Conflicts, County Parks and Kwashiorkor: More of My Favorite Health Stories of 2011
Here are the last five of my favorites from 2011. The first five ran on Wednesday.
1. "Prime Healthcare reports outsized rates of unusual conditions," Michael Corey, Christina Jewett, Lance Williams and Stephen K. Doig, California Watch, October
The rapid expansion of Prime Healthcare in the hospital market has been one of the most interesting but underreported stories in the industry. Fortunately, we have the nonprofit, online news outlet California Watch keeping close track of Prime's moves. In this piece, the team uses an interactive graphic and tables to show just how out of whack Prime's billing rates are:
Kwashiorkor is a rare form of malnutrition caused by protein deficiency, often found in very poor countries during a drought or other natural disaster. State records show Prime hospitals reported kwashiorkor 20 times more often than other California hospitals from 2009 to 2010. Shasta Regional Medical Center billed Medicare for more than 1,000 cases. Medicare pays providers significant bonuses for treating kwashiorkor.
And it's not just disorders usually found in the developing world that are being milked by Prime. Be sure to check out the sections on septicemia, autonomic nerve disorder and malignant hypertension.
2. "Financial transparency skin-deep at medical journals," Frederik Joelving, Reuters Health, June
Joelving dismantled the conflict-of-interest disclosure policies at one journal to illustrate the pervasive problems in academic journals. His work is a blueprint for other journalists covering breaking news on drugs and devices:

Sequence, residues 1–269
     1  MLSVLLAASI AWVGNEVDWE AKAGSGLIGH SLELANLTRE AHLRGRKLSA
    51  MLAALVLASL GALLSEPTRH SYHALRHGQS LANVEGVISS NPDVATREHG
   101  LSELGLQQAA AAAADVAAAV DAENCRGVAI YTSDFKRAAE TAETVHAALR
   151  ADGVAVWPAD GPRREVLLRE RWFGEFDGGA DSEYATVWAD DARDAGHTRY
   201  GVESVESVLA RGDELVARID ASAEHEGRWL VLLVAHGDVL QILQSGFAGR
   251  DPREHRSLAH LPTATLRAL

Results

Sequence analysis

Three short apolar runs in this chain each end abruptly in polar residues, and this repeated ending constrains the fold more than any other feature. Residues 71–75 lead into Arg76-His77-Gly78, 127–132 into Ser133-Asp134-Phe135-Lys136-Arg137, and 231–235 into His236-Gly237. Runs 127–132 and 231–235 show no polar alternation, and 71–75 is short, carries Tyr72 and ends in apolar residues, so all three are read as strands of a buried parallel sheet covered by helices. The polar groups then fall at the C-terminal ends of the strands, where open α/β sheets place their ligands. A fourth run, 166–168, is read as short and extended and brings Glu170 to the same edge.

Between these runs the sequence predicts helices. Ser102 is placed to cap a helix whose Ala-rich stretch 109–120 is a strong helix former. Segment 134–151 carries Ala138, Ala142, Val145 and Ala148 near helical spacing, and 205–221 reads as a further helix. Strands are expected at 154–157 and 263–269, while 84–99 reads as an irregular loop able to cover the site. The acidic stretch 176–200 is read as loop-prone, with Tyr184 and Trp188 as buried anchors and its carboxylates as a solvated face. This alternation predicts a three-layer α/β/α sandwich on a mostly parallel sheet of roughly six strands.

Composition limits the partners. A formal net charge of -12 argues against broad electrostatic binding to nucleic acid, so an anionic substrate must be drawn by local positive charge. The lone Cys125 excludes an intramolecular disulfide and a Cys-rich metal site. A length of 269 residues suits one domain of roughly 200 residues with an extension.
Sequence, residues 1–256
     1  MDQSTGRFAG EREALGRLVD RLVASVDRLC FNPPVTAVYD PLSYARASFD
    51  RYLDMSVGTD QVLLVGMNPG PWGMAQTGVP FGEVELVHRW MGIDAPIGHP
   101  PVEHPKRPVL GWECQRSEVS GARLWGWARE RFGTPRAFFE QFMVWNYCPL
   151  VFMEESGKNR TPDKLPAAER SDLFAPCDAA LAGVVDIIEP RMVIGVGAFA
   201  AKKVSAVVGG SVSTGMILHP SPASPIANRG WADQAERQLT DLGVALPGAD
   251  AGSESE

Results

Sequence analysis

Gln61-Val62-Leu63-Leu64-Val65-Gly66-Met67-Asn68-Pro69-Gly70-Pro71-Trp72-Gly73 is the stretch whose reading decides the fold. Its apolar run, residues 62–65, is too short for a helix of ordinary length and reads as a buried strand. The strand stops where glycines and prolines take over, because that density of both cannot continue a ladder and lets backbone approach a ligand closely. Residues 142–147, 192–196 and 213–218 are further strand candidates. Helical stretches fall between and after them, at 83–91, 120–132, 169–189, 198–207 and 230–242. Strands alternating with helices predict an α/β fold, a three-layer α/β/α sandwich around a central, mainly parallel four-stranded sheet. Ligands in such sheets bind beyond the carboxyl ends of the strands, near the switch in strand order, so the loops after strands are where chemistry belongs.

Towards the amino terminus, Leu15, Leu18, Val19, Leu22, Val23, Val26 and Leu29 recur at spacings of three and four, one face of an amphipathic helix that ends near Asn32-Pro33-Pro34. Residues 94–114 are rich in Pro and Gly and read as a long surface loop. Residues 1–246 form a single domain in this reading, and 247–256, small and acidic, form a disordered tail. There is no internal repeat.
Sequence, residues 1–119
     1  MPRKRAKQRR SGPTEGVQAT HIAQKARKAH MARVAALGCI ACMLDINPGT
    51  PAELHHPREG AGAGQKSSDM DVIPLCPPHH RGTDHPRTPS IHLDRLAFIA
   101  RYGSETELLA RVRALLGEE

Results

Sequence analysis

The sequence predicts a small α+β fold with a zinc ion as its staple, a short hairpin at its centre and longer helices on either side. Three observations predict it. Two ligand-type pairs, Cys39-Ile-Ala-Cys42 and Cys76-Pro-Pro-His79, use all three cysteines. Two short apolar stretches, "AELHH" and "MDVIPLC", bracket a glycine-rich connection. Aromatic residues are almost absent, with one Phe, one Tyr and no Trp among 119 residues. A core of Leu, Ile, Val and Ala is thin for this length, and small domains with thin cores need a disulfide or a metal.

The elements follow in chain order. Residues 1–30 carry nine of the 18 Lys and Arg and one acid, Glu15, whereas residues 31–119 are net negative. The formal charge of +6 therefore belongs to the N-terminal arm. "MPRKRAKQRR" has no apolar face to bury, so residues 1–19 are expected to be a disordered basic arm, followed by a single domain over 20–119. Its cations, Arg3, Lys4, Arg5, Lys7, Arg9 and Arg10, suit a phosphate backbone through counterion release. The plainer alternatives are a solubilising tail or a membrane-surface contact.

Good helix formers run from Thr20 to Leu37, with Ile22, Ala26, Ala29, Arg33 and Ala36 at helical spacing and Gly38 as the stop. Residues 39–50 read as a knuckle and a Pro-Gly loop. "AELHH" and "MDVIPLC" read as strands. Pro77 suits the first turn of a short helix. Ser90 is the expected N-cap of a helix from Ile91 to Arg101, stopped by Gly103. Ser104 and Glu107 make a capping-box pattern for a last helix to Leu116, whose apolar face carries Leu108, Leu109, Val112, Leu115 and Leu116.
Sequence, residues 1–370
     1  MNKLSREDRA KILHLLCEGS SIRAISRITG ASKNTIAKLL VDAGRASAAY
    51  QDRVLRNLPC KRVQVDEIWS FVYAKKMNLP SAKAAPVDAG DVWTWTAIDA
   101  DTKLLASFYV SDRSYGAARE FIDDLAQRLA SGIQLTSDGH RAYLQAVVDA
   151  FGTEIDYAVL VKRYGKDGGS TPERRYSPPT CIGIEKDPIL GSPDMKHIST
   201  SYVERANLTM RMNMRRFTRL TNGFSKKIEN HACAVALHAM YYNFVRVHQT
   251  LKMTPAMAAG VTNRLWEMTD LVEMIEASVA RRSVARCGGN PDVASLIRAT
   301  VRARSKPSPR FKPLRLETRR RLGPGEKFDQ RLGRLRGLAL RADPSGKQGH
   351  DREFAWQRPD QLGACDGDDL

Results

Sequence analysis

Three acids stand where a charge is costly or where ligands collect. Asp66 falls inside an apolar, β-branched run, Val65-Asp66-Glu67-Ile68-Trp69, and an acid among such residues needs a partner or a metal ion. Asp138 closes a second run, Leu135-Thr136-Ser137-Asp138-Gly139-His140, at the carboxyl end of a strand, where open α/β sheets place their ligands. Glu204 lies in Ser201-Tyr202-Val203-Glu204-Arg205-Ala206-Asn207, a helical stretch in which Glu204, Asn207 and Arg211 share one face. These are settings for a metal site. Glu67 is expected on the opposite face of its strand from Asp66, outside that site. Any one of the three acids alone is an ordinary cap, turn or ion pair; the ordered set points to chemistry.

The disclosure policy of the British Journal of Dermatology (BJD) is deceptively simple. According to an e-mail from its editor Dr. Tanya Bleiker, "Authors are responsible for disclosing all financial and personal relationships between themselves and others that might be perceived by others as biasing their work." That includes signing a statement that relevant patent rights, stock ownership, consultancy fees and employers have all been declared -- even if the employer was also listed at the beginning of the manuscript. That statement will show up in the report.
Yet of the 50 most recent BJD reports from scientists at L'Oreal, Shiseido, Novartis and similar companies, 13 declared no conflict of interest.
As I wrote recently for Health News Review, it is understandable why so many reporters miss conflicts of interest, especially when the journals aren't acting as gatekeepers. The only way the journals will get tougher is if reporters and their readers demand a higher standard.
3. "HHS rules, secrecy protect doctors with long histories of problems," Alan Bavley, The Kansas City Star, December
When the feds pulled the National Practitioner Data Bank from public view this year in response to Bavley's reporting, Antidote tried, unsuccessfully, to make Bavley the poster child for government overreach. Bavley did not want the attention and instead focused on continuing to show the dangers posed to the public by keeping physician histories secret:
Buried deep in a federal database is Practitioner No. 222117, perhaps the most frequently disciplined doctor in America. This doctor has been accused of violating drug laws, prescribing unauthorized medications, providing substandard care and obtaining licenses through fraud. From 2002 through 2006, 20 states and the District of Columbia revoked or suspended No. 222117's medical licenses.
Two professional societies took away the doctor's memberships. The Department of Health and Human Services banned the doctor from billing Medicare and Medicaid. And the Drug Enforcement Administration revoked the doctor's permit to prescribe controlled drugs. For most of these years, the doctor's home base was Missouri. But who is this doctor? And is he or she still practicing? We don't know. The federal government won't say. And it won't even let reporters or anyone else investigate to find out.